Sir Robert Mark was the first Commissioner of the Metropolitan Police to work his way up from a foot-patrolling constable to the top police job in the country, a fact that he was, quite rightly, proud of. He certainly repeated it often enough. He suggested to his publisher that the title of his autobiography should be, From Foot to Yard. You might think such a tight phrase would make the perfect Subject Line for a marketing email.
His publishers were of a different opinion. They rejected it and instead suggested, In the Office of Constable, which, many said, was incorrect as a commissioner does not have the power of a constable. But then the title is there to attract potential purchasers and not to convey precise information. Golda Meir, on the other hand, chose My Life for her autobiography.
The difference between the two titles gives us a lot of information about what we should go for email marketing Subject Lines. Meir’s title gives a little insight into the woman’s sense of humour and her, many suggest, humility, and does it in just two words. There’s economy for you. I’ve heard it suggested the publishers did not have the bravery to reject her preferred option.
Mark’s suggestion was a bit different, and the difference is significant. He wanted his title to be humorous as well as giving an insight to what to him was gave him a high degree of personal satisfaction and, while one might sympathise with the self-satisfaction of his achievement, the title is a far too important part of book sales to be used in that manner. In the Office of Constable carries a certain dignity, her degree of respect together with a nod to traditions. All probably what many potential purchasers would have expected.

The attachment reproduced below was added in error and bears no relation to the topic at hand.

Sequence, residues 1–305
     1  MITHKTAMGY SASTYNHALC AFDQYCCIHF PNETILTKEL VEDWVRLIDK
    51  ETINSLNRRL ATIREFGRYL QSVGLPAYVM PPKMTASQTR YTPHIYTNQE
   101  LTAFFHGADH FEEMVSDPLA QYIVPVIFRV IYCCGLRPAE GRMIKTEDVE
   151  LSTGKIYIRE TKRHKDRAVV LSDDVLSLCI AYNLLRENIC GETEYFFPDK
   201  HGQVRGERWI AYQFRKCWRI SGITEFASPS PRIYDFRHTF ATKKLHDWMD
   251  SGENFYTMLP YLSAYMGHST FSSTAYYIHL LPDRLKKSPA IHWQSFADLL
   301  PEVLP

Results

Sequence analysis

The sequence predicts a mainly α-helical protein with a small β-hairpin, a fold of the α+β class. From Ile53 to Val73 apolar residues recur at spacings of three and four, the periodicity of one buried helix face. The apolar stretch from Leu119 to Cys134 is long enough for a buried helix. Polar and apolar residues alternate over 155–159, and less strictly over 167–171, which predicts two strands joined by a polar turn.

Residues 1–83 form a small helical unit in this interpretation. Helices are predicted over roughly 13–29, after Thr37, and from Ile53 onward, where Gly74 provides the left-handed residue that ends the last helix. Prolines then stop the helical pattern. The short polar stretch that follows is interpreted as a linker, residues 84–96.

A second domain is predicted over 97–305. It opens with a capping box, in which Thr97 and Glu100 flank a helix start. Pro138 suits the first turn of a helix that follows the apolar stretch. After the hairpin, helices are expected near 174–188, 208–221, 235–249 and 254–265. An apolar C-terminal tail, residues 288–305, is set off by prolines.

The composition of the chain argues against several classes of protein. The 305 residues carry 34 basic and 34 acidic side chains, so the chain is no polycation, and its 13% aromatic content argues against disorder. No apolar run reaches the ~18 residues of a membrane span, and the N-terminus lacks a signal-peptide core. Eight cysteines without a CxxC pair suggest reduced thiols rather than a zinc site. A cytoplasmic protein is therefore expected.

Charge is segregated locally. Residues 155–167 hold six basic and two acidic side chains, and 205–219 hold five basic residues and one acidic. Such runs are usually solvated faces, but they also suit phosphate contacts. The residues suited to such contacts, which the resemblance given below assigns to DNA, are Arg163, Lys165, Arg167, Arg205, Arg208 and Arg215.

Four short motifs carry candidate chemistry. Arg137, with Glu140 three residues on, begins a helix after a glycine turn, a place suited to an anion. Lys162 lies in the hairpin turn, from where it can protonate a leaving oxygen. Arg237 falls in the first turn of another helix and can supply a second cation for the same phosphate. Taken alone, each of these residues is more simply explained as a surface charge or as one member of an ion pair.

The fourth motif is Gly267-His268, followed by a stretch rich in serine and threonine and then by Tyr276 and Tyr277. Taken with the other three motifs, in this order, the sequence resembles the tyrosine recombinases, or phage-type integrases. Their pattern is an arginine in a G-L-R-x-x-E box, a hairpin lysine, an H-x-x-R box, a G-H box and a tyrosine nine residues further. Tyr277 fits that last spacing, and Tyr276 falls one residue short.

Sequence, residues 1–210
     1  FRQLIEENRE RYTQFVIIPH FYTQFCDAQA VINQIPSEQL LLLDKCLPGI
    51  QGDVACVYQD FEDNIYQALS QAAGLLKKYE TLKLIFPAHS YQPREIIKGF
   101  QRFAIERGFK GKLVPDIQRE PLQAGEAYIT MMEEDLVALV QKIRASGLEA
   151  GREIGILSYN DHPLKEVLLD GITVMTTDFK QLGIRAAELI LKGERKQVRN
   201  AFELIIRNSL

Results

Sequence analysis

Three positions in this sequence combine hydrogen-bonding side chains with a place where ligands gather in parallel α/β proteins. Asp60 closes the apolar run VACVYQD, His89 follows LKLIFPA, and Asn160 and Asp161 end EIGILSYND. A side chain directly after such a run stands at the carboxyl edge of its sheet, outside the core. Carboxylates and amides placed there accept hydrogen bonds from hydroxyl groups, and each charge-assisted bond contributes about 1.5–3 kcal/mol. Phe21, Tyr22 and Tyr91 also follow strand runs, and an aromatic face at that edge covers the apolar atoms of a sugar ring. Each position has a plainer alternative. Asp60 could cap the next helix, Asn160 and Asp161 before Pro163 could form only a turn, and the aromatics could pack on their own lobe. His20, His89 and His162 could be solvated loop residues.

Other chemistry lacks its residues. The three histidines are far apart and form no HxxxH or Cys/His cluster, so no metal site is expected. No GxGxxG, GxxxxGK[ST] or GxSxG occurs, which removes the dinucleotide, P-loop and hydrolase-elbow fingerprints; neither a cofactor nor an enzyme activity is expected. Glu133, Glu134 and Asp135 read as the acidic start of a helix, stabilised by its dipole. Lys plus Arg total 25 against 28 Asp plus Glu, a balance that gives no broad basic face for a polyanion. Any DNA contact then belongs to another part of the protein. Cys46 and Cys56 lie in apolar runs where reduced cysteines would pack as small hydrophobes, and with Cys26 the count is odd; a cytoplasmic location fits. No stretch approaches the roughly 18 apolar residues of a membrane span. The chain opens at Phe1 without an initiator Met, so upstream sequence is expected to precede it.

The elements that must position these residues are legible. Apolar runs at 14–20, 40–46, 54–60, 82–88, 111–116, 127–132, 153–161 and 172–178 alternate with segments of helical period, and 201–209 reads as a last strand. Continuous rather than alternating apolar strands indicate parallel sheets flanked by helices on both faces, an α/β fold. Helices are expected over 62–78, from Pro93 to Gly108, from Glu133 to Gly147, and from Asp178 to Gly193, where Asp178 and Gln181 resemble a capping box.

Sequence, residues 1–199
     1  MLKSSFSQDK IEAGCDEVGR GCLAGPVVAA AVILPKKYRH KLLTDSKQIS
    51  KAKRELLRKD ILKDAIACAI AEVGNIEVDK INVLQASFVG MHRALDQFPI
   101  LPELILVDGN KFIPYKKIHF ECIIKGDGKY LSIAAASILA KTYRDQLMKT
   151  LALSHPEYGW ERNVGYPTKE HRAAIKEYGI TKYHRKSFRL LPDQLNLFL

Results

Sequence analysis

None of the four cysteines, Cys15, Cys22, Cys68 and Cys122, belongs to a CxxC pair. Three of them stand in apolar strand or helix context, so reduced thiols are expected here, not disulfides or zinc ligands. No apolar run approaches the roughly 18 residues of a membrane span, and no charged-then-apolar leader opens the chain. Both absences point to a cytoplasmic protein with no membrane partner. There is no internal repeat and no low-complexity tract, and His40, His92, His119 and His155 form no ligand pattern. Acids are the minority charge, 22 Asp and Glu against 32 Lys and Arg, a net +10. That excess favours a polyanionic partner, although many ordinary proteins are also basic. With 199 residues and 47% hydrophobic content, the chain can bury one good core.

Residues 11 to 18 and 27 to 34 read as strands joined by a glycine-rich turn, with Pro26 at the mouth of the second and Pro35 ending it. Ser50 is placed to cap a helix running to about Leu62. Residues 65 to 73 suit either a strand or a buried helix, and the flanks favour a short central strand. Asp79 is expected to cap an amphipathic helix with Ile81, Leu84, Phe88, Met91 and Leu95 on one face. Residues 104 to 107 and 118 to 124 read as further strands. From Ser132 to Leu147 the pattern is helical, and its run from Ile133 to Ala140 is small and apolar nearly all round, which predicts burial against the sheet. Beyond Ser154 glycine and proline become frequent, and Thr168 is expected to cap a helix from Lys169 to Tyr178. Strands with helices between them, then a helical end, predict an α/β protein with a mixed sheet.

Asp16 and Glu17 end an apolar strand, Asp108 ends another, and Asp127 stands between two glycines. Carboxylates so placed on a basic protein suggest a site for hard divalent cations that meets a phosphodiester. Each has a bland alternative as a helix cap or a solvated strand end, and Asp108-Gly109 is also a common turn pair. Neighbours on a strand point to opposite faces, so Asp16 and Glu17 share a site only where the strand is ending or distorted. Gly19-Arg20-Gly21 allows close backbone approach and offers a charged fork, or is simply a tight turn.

When an inbox is inundated with Subject Lines all vying to grab the attention of the reader, a simple factual statement could well get lost and many email marketing companies have tried all sorts of tactics to up their open rates. Humour is a tool that can be effective in just that role. Who doesn’t want a laugh? That’s a question only you can answer about your subscribers.
If you see a pun, and know that it will be appreciated by your subscribers, then try it in your Subject Line. It must be relevant to the object you are selling and, obviously, to the recipient. One significant advantage is that humour is rare in email marketing and will probably come as a pleasant surprise. Aspects to watch would include whether it is in poor taste, might offend, might be too obscure/too obvious, or might be inappropriate to the item you are selling.
I’ve been asked in a marketing email Subject Line; Do you want to cancel your kids? For someone working from home, noise cancelling headphones might be received with some relief and any sting in the title was negated by the image of a smiling typist with children bouncing happily in the background.